Social Science

Actively Open-Minded Thinking About Climate Change

It's not really all that open-minded. Science curious people on the other hand ...



Americans remain deeply divided along partisan lines on the issue of climate change, according to a new Pew Research Center poll. Seven in 10 liberal Democrats trust climate scientists to give full and accurate information on the causes of climate change, whereas only 15 percent of conservative Republicans do. In addition, 54 percent of liberal Democrats believe that climate scientists have a good understanding of the causes of climate change, compared to only 11 percent of conservative Republicans. Liberal Democrats also believe that climate research reflects that best available evidence most of the time. Only 9 percent of conservative Republicans agree.

Why this partisan difference over what is essentially an empirical question? Some researchers have concluded that conservatives are less likely than liberals to be open-minded or to engage in effortful cognition when evaluating scientific evidence, especially when accepting those data means undermining their faith in free markets. But research from the Yale Cultural Cognition Project supports a different notion: This polarization tends to occur when accepting or rejecting a scientific thesis becomes a signal to your fellow partisans that you're on their side.

For example, research by the Yale law professor Dan Kahan finds that as scientific literacy goes up, so too does partisan polarization on the issue of climate change. In other words, the more science people know, the more they are able to seek out and find information justifying their beliefs.

In a new study, Kahan and his colleagues assess the relationship between accepting the evidence for man-made global warming with a measure for actively open-minded thinking and attitudes toward climate change. Actively open-minded thinking is defined as the "willingness to search actively for evidence against one's favored beliefs, plans or goals and to weigh such evidence fairly when it is available."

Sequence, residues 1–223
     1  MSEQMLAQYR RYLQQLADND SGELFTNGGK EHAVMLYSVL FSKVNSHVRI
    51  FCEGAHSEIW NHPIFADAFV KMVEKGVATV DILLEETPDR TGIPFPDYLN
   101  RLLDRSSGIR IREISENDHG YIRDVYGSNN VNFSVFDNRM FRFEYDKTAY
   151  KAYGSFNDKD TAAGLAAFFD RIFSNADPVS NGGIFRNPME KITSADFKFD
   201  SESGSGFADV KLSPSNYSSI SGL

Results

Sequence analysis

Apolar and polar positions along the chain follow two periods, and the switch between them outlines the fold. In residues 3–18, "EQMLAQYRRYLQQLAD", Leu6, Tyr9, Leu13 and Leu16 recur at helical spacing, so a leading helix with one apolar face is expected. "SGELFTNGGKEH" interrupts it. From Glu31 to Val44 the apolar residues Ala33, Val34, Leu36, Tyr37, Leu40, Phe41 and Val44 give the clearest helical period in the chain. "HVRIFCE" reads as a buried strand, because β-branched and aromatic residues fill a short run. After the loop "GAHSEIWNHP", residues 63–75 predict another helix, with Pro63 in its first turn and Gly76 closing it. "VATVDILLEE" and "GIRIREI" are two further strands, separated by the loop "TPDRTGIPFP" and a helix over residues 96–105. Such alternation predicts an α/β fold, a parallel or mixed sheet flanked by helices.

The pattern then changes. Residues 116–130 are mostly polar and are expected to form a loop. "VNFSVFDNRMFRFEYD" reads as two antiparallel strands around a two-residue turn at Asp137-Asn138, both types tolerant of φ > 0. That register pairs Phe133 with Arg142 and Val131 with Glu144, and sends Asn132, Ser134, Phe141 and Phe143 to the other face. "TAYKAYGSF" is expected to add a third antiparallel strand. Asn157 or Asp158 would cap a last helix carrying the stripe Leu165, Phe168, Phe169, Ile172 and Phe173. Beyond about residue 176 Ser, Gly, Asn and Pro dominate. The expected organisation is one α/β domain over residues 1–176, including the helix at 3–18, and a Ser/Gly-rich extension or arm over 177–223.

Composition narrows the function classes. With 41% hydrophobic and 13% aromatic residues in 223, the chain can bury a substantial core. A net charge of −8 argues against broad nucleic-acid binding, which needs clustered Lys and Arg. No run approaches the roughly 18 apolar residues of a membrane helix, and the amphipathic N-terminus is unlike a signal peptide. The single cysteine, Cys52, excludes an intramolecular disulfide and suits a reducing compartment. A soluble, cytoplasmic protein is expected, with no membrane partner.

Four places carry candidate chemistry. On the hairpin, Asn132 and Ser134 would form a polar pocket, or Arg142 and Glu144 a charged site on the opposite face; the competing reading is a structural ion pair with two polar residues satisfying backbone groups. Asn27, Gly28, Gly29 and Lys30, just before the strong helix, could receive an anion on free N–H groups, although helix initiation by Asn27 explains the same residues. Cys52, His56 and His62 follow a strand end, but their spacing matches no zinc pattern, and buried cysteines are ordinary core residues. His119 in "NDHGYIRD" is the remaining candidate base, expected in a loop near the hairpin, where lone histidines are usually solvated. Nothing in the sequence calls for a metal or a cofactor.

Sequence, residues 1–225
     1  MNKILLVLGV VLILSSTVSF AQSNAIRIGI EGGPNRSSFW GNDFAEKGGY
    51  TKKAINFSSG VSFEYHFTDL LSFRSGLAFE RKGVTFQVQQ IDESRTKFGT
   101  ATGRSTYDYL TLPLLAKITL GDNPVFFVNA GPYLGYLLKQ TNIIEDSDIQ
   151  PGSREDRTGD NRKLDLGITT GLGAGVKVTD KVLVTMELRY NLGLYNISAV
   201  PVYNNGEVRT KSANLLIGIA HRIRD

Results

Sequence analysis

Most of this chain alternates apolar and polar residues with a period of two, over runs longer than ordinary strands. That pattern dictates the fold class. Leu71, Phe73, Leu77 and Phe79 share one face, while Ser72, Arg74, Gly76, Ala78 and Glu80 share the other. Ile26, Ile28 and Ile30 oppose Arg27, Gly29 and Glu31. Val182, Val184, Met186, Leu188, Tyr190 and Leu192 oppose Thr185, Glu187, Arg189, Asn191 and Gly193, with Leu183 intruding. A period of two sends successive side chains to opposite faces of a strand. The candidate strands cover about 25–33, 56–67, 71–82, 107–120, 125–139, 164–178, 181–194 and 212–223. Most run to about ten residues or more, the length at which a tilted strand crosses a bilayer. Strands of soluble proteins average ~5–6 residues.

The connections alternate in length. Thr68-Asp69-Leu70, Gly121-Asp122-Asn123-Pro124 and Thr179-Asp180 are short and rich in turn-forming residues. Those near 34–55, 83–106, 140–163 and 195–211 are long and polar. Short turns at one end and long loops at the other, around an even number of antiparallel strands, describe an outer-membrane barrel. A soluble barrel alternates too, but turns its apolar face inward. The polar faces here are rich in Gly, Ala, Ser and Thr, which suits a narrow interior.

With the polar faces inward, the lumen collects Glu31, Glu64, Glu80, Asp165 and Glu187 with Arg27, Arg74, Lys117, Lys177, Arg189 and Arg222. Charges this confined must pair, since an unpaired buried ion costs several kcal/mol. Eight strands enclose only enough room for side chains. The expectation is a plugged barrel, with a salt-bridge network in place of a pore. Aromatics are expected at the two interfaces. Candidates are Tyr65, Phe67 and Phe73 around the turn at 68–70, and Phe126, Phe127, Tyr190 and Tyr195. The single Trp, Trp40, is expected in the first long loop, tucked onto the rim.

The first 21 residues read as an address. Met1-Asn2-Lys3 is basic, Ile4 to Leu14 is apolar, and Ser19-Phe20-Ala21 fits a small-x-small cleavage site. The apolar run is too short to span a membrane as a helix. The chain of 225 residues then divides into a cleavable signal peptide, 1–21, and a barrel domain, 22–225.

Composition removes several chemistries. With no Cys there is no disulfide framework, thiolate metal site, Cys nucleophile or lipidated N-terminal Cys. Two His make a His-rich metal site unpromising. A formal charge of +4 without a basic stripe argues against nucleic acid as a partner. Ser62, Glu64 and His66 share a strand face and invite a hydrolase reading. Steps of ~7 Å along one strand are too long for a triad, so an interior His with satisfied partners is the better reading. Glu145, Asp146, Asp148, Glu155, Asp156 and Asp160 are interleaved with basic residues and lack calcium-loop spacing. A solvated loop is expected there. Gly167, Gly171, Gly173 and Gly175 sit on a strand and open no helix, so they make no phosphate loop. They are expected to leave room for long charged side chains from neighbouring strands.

In a survey, some 1,600 Americans were sorted by political orientation and their propensity toward actively open-minded thinking. Psychologists have devised various questionnaires that aim to measure an individual's propensity to engage in such salutary cognition; Kahan's survey used a seven-item scale that asked participants to rate their agreement with such statements as "allowing yourself to be convinced by an opposing argument is a sign of good character," and "changing your mind is a sign of weakness."

In the past, many researchers have argued that political conservatives tend to be deficient with regard to actively open-minded thinking. Consequently, they contend that if for some odd reason a conservative did have such a disposition, he would be more likely to accept the scientific evidence in favor of climate change. In fact, the opposite occurred.

Since most liberals in the survey already believed that there is solid evidence of recent global warming due mostly to human activity, their probability that that they would accept that conclusion rose only modestly with higher actively open-minded thinking scores. On the other hand, the higher conservatives scored on actively open-minded thinking, the lower the probability they would agree that there is solid evidence for man-made global warming. The gap between liberals and conservatives on beliefs about climate change widens the more that both engaged in actively open-minded thinking.

What is going on? The researchers argue that "actively open-minded thinking in fact enhances the proficiency of reasoning aimed at forming identity-congruent beliefs." Actively open-minded thinkers are "simply better at screening information for identity-congruent inferences." In other words, sophisticated reasoning skills enable people to more easily find and espouse information that indicates their loyalty to their political affinity groups.